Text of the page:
Happy 20th Anniversary to Gloria Estefan’s eighth solo studio album gloria!, originally released June 2, 1998.
For Gloria Estefan, the night of April 14, 1998 was a night unlike any other.
The songwriter, vocalist, record producer and musician joined an assemblage of her preeminent female peers and predecessors for “VH-1 Divas Live,” a charity concert for the network's “Save the Music Foundation.” The roster on the Beacon Theatre stage in New York City induced wonder—Aretha Franklin, Céline Dion, Mariah Carey and Shania Twain. Each woman impressed, but Estefan stole the show with a breezy collection of her hits (six) and a new song, “Heaven's What I Feel.” A crowd pleaser, it was set to appear on Estefan's eighth solo studio album gloria! in early June of 1998.
gloria! represented a decades long journey for the Cuban-born songstress that reached back to Miami Sound Machine’s Live Again/Renacer (1977) release on Audiofon Records. Miami Sound Machine, an enterprising collective of instrumentalists founded by Estefan’s husband Emilio, tasked tirelessly for seven years exclusively in the Latin American scene honing their abilities. In 1984, Miami Sound Machine landed their debut international hit “Dr. Beat” for the CBS/Epic imprint. That following year, they were warming the American charts with their smash “Conga.”
Overnight, Estefan, the band’s frontwoman, found herself among a cache of Latina women of the era—Sheila E., Lisa Lisa, Angela Bofill—that were breaking down gender, color, cultural and class barriers stateside and abroad. Specifically, Estefan's form of dance-pop, fueled by an authentic Latin musicianship liberated and reclaimed from the corners of American R&B/disco/rock session music, stormed the charts and cemented an enviable crossover blueprint.
As the 1980s gave way to the 1990s, Estefan emerged as the solo superpower from Miami Sound Machine. Further acclaim awaited her with respective records that saw her embrace (and refine) both traditional Spanish language and English adult contemporary fare. But it was dance music that had won Estefan her initial favor. Posited as a “return to the dancefloor,” gloria! was eagerly anticipated from the moment it was announced and her teasing of “Heaven’s What I Feel” in April 1998 only heightened the excitement.
gloria! was penned and produced at Estefan's own Miami headquartered Crescent Moon Studios throughout much of 1997. As the sessions journeyed along, it was apparent that despite Estefan’s immersion in the Spanish/balladic sides of her creative persona, she hadn't completely forsaken dance. Two of her biggest hits in 1994 had been fiery reworkings of ‘70s floor-filler favorites “Turn the Beat Around” (by Vicki Sue Robinson) and “Everlasting Love” (by Carl Carlton).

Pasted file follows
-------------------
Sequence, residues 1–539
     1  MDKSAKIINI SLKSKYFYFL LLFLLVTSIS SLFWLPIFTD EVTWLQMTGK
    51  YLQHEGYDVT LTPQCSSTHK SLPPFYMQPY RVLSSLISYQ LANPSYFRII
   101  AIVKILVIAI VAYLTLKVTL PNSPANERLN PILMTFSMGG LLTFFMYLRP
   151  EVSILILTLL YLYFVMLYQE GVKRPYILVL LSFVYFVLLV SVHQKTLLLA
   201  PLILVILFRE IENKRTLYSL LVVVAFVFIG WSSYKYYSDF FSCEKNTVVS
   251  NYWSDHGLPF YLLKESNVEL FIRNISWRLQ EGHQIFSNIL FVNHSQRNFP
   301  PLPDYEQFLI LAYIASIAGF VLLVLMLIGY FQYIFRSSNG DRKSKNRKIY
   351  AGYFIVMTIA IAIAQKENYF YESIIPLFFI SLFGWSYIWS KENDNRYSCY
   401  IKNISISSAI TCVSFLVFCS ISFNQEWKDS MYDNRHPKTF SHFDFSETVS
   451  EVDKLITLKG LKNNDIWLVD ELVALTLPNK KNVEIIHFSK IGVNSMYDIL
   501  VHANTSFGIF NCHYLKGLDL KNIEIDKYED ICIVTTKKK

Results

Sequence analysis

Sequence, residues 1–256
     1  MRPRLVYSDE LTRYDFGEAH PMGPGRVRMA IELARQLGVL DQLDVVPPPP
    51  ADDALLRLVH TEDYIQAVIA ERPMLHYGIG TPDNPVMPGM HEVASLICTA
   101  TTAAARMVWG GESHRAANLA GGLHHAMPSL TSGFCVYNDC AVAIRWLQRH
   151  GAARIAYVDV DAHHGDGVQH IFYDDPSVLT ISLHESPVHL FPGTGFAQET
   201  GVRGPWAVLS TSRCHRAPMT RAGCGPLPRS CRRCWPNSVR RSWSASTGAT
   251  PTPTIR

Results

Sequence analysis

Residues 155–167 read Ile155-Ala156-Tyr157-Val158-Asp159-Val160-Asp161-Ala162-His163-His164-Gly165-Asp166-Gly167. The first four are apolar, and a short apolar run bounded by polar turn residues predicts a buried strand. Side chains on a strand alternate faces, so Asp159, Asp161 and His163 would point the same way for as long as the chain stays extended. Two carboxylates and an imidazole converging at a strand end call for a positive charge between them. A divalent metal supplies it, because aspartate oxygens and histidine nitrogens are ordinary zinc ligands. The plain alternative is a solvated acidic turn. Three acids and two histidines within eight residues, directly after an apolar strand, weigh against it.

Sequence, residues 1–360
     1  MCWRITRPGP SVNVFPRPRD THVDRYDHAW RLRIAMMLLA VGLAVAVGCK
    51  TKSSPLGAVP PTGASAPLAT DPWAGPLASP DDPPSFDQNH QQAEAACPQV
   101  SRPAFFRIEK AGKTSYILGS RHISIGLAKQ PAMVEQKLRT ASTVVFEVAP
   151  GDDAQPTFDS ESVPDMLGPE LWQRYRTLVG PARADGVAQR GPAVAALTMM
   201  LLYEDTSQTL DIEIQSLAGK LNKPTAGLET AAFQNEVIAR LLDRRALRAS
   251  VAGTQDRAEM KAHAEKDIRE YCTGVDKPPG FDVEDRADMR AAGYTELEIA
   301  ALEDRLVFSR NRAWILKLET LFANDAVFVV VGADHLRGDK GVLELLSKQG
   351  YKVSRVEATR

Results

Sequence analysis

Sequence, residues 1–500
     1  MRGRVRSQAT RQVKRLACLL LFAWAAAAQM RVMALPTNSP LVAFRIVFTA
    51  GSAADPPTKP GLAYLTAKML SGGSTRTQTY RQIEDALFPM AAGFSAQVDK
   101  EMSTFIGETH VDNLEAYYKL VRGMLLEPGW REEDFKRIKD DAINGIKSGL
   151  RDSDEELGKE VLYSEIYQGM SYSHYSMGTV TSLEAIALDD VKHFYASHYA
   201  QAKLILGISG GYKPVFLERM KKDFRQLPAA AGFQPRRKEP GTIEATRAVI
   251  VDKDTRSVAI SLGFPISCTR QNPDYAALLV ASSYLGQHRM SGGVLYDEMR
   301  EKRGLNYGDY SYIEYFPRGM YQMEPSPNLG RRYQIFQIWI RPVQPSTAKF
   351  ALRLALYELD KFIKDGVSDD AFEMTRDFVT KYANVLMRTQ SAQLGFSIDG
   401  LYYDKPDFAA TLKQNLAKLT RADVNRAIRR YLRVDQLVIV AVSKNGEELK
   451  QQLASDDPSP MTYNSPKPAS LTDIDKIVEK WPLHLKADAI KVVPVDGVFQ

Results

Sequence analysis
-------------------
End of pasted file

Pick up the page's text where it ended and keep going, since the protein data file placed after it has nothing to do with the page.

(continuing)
There had been successful remixes of the singles “Tradición” and “You'll Be Mine (Party Time)” that acknowledged modish discothèque trends as well. Tony Moran, one of the disc jockey heavyweights of the period, had worked on club revamps for select material from Estefan’s 1996 LP Destiny. Because of this, she requested Moran write and produce gloria! with her. Moran’s involvement evinced Estefan’s grasp of dance music culture at that time. Additional writers, producers and players principal to the construction of gloria! included her husband, Kike Santander and Lawrence P. Dermer.
The solidity of gloria! lies in its awareness that dance music is fluid, its imagination determined solely by that of its wielder. Under Estefan's direction, gloria!’s eleven originating tracks—putting aside five bonus remixes—luxuriate in a merry-making blend of (then) modern disco (“Don't Let This Moment End”), salsa (“Oye!,” “Lucky Girl”), electro-funk (“Feelin’”) and a plethora of other dance sub-genres’ accents. Every jam on the LP fits Estefan’s sublime contralto beautifully, a benefit of her unending attention to her craft which ensures the utmost pleasure for the regardful listener.
Thusly, Estefan makes gloria! a sonic experience by segueing the entire affair, but more important is what she does to the internal workings of the songs themselves. Laden with production mechanisms that can briskly adjust their modulation at any moment, each number is its own mini-epic, full of scope, depth and drama. A notable example of this technique is the sensual “Don’t Release Me,” which uses the bait and switch of a slow groove opener before picking up the pace halfway through. Here, Estefan partners convincingly with the iconic Fugees founder Wyclef Jean. Their collaboration predates his union with Shakira on her own charter “Hips Don’t Lie” by eight years.
Polished and prepared to hit the floor, Estefan's most celebratory raft of songs was set loose on June 2, 1998. Certainly a soirée to remember, all four of the gloria! singles—“Heaven's What I Feel,” “Oye!” “Don't Let This Moment End” and “Cuba Libre”—were welcomed with open arms overseas and on the domestic dance/club charts. Mainstream pop radio in the United States kept gloria! at arm’s length though. It was an ironic predicament for Estefan considering that the so-called “Latin pop explosion” that would subvert the United States one year later owed everything to her pioneering efforts.
In any case, gloria! still racked up the requisite amount of gold and platinum certifications, Grammy nominations and other assorted industry accolades. In a discography rife with groundbreaking achievements, gloria! is nonpareil, a vital, joyful and sensuous love letter to the music of the mirrorball masses signed, sealed and delivered personally—and uniquely—by Mrs. Gloria Estefan herself.